Bishop Sproxton: Holy Trinity feast reminds us of God’s perfect love
Perth Auxiliary Bishop Donald Sproxton celebrated the Trinity Sunday Mass from the Cathedral Parish House on 7 June at 11am. Photo: Jamie O’Brien.
The Father, the Son and the Holy Spirit – which together form one God for the Catholic faithful – was the focus during Trinity Sunday celebrations on Sunday 7 June.
Perth Auxiliary Bishop Donald Sproxton celebrated the 11am Mass, which was livestreamed from the St Mary’s Cathedral Parish House and concelebrated by Cathedral Assistant Priest Father Richard Rutkauskas.
In his homily, Bishop Sproxton spoke about the significance of coming together as a community of faith to celebrate the perfect community – the Trinitarian God.
“I have read recently that today’s feast of the Trinity draws together the great preceding feasts of the Resurrection at Easter, the Ascension, and Pentecost,” Bishop Sproxton stated.
“The Resurrection [of Christ] focusses on the Father as the life-giving one, the Ascension on Jesus the vindicated and exalted one, and Pentecost on the Holy Spirit as the empowering one.”
The Trinity Sunday Mass, held on 7 June, was translated into AUSLAN (sign language for the deaf and hard of hearing) following the acquisition of appropriate technology from overseas. Photo: Jamie O’Brien.
Bishop Sproxton acknowledged the importance of community life, beginning from the first moments of life.
“From the moments of bonding that occurs when our mother takes us and holds us close to her heart at birth, we begin to develop a great series of connections with others throughout our lives,” Bishop Sproxton cited.
“These connections are meant to be life-giving and life sustaining,” he added.
“It is not that surprising to discover that we are encoded to seek belonging in community, when we realise that we are created in the image and likeness of God, who is indeed a community of persons.
Inviting the congregation at home to reflect several questions: “Who is the God in our lives? Do I accept that I am the creature of God, made in the image and likeness of God, or do I want to decide what will be the God in my life: the God in my own terms?” – Bishop Sproxton offered the words of Saint John the Apostle, who often taught in the Gospel readings that to see the Son was to see the Father.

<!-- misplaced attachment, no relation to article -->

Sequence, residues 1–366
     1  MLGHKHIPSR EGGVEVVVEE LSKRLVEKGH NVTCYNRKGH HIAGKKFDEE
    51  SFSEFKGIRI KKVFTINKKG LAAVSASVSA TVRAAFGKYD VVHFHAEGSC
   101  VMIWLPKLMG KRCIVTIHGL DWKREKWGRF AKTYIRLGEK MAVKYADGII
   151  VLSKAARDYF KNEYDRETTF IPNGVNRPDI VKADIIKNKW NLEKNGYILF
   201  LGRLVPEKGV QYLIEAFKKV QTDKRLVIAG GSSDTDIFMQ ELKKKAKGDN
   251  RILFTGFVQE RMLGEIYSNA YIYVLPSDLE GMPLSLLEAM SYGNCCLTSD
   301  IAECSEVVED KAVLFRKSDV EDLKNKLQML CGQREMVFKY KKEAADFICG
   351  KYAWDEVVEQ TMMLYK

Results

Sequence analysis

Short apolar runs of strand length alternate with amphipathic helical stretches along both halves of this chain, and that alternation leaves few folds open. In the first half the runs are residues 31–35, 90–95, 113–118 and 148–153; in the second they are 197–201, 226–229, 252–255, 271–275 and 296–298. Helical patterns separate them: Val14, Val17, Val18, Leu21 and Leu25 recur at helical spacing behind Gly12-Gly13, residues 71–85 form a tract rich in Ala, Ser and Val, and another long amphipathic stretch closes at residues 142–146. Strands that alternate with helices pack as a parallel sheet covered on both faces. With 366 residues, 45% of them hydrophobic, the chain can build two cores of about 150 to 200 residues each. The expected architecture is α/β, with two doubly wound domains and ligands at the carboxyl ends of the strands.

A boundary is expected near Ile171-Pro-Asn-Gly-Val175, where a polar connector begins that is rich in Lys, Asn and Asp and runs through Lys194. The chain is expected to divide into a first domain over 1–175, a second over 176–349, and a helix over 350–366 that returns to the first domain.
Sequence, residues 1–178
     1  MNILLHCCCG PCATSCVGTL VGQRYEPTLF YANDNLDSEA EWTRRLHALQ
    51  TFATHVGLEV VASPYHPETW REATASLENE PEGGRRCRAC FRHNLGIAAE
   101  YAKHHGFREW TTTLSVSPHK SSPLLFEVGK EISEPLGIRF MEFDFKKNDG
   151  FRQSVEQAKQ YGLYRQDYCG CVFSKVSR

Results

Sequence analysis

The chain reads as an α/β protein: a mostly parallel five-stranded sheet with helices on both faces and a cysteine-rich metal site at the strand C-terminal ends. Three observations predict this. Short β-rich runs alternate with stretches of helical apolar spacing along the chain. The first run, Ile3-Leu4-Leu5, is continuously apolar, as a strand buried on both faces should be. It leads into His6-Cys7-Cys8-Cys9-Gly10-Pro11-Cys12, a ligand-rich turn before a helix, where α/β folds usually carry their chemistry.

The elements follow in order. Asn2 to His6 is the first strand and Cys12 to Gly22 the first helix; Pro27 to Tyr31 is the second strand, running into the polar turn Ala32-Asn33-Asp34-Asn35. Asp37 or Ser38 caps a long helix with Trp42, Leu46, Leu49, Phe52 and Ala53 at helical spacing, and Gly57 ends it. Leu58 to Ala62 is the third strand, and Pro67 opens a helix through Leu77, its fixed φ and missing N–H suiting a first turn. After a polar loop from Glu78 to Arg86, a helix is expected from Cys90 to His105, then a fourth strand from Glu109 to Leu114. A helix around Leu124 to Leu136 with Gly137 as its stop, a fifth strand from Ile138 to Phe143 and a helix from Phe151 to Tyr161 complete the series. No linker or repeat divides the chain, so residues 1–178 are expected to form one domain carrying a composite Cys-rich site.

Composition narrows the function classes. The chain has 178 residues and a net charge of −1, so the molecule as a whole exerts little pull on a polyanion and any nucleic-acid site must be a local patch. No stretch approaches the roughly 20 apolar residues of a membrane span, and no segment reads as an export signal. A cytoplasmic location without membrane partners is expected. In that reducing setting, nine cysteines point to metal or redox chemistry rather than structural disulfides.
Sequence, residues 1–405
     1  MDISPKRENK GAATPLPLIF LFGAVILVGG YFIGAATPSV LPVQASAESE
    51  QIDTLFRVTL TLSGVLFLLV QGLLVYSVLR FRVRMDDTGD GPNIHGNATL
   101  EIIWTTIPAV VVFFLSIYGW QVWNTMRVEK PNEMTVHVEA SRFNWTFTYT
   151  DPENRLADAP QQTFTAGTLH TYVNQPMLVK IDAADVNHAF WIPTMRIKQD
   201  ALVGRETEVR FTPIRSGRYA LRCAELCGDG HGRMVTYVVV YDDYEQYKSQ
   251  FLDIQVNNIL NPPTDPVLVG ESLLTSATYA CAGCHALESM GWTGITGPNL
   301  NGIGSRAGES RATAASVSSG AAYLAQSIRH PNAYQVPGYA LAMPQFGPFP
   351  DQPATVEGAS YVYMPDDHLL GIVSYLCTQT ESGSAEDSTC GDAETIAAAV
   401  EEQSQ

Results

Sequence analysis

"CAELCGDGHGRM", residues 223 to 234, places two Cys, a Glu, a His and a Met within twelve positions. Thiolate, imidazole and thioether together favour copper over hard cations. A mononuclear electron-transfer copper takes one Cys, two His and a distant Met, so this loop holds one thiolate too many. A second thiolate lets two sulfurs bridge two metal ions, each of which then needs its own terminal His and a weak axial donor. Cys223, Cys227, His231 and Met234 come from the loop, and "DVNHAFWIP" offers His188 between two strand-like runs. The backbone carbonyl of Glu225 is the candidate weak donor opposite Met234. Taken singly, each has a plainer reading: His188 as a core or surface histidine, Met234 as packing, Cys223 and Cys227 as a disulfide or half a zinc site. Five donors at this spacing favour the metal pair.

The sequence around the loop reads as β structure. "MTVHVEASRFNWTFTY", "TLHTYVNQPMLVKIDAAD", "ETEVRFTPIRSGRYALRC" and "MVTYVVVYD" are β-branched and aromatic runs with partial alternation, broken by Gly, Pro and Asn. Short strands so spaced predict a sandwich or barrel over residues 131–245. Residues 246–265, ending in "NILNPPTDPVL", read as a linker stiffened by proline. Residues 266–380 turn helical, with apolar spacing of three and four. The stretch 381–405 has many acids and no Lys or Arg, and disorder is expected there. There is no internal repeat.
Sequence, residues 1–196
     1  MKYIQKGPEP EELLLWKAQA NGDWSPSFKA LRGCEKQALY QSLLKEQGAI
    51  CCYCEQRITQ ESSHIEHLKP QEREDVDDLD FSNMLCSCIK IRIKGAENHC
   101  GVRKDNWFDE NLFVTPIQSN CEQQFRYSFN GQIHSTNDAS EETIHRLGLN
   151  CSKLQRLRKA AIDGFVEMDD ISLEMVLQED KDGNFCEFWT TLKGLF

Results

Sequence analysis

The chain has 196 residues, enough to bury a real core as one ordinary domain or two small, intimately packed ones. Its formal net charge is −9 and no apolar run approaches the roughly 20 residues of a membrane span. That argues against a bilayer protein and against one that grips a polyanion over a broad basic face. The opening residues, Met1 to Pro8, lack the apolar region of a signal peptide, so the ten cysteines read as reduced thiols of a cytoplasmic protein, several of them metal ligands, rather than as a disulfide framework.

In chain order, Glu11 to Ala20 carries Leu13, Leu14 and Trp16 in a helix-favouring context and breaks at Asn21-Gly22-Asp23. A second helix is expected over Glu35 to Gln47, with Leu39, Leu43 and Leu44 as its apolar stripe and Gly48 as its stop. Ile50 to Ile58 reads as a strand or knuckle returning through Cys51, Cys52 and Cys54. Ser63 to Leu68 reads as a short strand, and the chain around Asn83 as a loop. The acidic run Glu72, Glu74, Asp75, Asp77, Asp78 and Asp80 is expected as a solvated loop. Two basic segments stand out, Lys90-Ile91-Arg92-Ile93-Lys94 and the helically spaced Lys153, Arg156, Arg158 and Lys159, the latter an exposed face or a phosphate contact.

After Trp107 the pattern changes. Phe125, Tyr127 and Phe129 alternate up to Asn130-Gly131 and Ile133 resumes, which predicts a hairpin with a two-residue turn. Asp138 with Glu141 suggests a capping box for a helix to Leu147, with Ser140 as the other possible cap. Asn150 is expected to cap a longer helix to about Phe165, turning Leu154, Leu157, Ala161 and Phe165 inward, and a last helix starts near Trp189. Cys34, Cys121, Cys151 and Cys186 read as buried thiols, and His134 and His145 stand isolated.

“This feast reminds us of the remarkable love shown by the Father – God sent His perfect image of divinity, the Son, in our image and likeness,” Bishop Sproxton explained.
“John’s advice to the Christian community was to accept the gift of God’s grace that alone has the power to transform and make us like Christ.
“The Holy Spirit, the empowering one, is sent to work within us, remaking us in the image of Christ, who is the perfect image of the Father.”
St Mary’s Cathedral Assistant Priest Fr Richard Rutkauskas concelebrated the 11am Trinity Sunday Mass from the Cathedral Parish House on 7 June. Photo: Jamie O’Brien.
Bishop Sproxton also addressed the changes that have been occurring during the past 11 weeks, due to the COVID-19 pandemic restrictions, expressing his thoughts on what the “new normal” is going forward.
“What immediately comes to my mind when I hear these words, is that as a community, we will have recovered the basics, such as good hygiene, washing hands regularly and taking precautions to avoid any transmission of the virus,” he stated.
“When the normality of us being able to return to our parish churches [in unlimited numbers] comes, we will all have to ensure that we are extremely careful, in charity, in order to safeguard one another.
“However, some people think that the new normal is something much deeper – I have heard that some suggest this crisis will have brought about deeper changes in people – people are kinder, more considerate, they are perhaps less selfish and more community oriented.
“It is certainly my hope that something like COVID-19 can make us all take stock of our priorities and even our values,” he affirmed.
Bishop Sproxton ended his homily by stating that the Christian community has the privilege of being a “miracle of the Holy Spirit that forms, then sustains them”.
“The Spirit transforms us so that the Church may truly, and more obviously be the image of Christ in the world.
“This, to me would be the new normal,” the Auxiliary Bishop concluded.